A Mental Illness or Disorder can develop when the brain triggers constant feelings of depression or anxiety. It might require us to take a year or more leave of absence. We see our doctor and receive some kind of Mental Illness diagnoses. We are not functioning normally! Mental Disorders include Clinical Depression, Anxiety Disorder, Post Traumatic Stress Disorder (PTSD), Obsessive Compulsive Disorder, and Eating Disorder. Fortunately, unlike in my Dad’s time, after returning from World War II with undiagnosed PTSD, effective treatments are now available.
Personality Disorders are the most problematic. People who live with these disorders have a distorted sense of themselves and others. Social interactions are strained. Personality disorders include Schizophrenia, Bi-polar Disorder, Anti-Social Disorder, Borderline Personality, and the infamous, difficult to work with, Narcissistic Personality.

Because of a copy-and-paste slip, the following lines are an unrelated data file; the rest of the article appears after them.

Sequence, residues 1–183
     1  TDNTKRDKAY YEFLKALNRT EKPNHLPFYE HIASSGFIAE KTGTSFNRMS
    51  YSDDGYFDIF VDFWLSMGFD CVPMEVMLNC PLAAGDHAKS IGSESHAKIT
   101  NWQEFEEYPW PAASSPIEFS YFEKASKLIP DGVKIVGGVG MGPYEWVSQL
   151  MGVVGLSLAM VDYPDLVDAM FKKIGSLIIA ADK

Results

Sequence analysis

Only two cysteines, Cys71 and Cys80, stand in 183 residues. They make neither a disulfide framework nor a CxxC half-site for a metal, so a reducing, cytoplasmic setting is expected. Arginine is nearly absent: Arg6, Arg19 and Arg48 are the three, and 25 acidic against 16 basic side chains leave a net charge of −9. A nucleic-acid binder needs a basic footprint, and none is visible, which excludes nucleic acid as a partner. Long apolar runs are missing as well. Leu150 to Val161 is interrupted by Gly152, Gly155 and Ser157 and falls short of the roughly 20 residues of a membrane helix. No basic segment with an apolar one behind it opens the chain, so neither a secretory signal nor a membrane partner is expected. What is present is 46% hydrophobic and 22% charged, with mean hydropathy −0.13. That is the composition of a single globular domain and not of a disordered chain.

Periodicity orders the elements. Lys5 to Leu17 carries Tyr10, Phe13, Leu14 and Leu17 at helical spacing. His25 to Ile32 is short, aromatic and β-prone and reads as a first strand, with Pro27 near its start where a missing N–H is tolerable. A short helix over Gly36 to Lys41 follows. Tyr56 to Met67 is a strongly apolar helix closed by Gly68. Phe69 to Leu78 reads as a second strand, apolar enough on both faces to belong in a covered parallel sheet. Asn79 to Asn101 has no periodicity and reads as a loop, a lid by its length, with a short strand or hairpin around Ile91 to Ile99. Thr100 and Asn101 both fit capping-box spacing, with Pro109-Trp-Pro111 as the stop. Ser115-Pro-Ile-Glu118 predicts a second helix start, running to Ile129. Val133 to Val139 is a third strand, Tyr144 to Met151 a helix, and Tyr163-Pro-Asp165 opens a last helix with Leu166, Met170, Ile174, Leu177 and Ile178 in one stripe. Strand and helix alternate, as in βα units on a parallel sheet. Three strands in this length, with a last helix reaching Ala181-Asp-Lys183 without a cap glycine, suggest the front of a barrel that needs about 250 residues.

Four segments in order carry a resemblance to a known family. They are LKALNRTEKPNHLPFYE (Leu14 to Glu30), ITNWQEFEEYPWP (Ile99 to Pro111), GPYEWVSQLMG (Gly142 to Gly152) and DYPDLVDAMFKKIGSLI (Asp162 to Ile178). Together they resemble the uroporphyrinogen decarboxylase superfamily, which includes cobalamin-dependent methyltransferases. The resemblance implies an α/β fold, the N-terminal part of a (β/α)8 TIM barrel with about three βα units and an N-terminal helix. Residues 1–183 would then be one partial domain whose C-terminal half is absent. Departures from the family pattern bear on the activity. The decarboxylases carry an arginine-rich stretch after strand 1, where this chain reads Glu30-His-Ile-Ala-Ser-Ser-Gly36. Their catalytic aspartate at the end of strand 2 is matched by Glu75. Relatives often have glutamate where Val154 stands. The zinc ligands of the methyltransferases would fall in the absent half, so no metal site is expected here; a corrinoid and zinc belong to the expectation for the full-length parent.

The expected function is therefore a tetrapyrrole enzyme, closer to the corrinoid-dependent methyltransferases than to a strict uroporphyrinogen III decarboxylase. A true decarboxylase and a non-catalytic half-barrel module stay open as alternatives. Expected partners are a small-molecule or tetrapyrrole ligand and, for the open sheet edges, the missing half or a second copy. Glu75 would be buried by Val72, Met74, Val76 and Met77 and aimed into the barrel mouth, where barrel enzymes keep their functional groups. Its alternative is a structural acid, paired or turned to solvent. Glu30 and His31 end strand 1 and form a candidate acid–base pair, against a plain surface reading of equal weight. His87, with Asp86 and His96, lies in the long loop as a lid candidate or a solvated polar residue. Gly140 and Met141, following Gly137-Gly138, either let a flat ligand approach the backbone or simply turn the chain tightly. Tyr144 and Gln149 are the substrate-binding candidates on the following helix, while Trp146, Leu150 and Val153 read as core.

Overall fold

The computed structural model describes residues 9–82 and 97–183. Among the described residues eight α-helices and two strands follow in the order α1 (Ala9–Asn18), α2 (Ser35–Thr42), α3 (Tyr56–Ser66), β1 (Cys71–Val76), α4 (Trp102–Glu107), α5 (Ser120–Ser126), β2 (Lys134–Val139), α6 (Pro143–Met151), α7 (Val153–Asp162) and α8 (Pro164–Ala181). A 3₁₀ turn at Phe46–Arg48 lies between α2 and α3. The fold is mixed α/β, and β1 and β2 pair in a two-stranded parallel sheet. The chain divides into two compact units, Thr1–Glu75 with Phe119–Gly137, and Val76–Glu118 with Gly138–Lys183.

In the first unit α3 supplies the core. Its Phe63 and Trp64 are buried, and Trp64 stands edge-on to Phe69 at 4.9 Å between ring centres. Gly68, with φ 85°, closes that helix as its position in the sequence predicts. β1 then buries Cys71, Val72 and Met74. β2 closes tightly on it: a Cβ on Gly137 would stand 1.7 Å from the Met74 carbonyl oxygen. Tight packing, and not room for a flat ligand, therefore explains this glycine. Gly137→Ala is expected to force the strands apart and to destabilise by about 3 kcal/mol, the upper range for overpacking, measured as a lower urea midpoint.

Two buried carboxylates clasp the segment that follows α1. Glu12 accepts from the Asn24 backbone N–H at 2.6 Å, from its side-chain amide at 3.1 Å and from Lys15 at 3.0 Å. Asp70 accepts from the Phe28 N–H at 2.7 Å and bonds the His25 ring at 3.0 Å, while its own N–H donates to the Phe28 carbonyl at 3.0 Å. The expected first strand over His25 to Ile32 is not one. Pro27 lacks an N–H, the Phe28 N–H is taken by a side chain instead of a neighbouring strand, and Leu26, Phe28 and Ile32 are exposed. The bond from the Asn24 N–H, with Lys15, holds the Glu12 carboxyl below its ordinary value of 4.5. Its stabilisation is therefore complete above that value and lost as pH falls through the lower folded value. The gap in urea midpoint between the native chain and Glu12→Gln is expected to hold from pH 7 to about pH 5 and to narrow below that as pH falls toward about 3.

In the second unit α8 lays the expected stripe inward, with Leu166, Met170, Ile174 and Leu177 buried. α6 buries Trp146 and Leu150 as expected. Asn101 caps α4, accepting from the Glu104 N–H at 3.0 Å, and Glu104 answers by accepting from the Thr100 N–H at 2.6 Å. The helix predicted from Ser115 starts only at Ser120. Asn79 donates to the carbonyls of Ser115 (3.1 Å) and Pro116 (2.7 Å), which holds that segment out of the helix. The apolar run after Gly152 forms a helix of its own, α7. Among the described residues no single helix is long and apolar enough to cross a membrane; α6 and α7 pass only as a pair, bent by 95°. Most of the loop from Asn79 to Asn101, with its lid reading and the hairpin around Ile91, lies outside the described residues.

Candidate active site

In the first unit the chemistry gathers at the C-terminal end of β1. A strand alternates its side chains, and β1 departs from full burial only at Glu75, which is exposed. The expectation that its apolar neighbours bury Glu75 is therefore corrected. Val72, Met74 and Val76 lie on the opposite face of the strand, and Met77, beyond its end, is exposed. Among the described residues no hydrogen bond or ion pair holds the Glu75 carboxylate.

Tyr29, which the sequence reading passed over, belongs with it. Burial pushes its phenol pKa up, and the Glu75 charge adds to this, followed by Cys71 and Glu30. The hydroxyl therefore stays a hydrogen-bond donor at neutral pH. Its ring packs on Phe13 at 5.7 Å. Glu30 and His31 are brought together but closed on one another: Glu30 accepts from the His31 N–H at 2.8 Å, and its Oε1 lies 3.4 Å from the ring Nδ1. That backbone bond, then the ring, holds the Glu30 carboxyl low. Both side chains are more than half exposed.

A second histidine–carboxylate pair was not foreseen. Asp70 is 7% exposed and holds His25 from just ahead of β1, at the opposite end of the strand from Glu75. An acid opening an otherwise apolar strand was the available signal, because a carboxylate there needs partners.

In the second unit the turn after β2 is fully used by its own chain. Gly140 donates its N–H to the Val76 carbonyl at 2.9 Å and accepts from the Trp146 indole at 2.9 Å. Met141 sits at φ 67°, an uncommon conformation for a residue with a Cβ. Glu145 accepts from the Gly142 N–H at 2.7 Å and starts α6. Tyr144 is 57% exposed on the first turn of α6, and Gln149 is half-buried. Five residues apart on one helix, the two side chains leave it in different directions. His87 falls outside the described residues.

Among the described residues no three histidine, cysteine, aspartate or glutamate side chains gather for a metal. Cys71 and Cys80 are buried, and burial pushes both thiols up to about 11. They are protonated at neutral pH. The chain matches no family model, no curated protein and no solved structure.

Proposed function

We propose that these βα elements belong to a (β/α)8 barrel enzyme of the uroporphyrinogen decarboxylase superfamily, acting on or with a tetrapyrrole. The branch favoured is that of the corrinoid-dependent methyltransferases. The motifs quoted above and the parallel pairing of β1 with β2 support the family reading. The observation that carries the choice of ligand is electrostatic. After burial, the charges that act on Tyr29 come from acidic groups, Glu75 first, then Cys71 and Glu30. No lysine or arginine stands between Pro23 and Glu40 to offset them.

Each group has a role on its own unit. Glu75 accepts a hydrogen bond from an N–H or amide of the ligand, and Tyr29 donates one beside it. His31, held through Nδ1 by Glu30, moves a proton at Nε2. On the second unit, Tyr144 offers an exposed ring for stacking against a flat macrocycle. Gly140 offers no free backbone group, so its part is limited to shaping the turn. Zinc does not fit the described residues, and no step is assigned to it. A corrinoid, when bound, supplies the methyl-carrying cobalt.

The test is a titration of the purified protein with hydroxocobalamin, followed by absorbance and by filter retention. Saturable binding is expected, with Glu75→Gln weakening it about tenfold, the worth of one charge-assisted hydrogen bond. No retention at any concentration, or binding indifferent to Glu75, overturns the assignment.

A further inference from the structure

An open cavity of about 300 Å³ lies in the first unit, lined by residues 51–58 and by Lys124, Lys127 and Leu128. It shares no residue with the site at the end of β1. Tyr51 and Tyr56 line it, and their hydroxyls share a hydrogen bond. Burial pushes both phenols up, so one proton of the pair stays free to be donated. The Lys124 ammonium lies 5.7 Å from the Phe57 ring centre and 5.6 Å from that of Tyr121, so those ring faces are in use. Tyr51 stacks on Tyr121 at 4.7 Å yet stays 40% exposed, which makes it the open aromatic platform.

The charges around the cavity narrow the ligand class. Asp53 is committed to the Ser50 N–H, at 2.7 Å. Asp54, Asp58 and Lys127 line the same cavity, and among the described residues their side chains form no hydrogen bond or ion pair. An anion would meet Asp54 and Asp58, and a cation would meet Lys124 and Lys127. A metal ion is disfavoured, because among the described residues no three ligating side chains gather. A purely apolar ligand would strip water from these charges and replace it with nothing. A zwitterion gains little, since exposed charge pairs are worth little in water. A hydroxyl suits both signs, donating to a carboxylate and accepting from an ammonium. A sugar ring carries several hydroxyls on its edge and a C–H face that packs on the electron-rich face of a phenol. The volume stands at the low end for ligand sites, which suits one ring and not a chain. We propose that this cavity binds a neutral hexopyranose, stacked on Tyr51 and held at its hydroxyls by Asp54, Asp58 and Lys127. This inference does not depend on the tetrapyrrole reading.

Mental Illness in the Workplace
Most people with a mental illness, are unaware they are affected. And usually so are their co-workers and management. Awareness and mental health literacy in the workplace is a growing and needed trend.
Fortunately, we have organizations such as the Canadian Mental Health Association. They inform the public and help those struggling to find appropriate support. Here is an excerpt from the CMHA website:
Mental illnesses can take many forms, just as physical illnesses do. Mental illnesses are still feared and misunderstood by many people, but the fear will disappear as people learn more about them . . . all mental illnesses can be treated.
Just as we can be physically ill, our brains can be mentally ill!
Good News About Mental Illness
My friend, Elizabeth Anderson, lives with, paranoid schizophrenia, anxiety, and depression. In her award winning book, Being Mentally Healthy (in spite of a mental illness) she describes the steps she uses to help her stay stable. Elizabeth is committed to her mental wellness. She, and her wonderful husband, control her environment and keep a close watch on her medication.
Elizabeth functions day by day with her disorders. She recently used her body of work to create a coloring book. In-between her rigorous self care routine, she takes the next step and next step towards her life and business goals.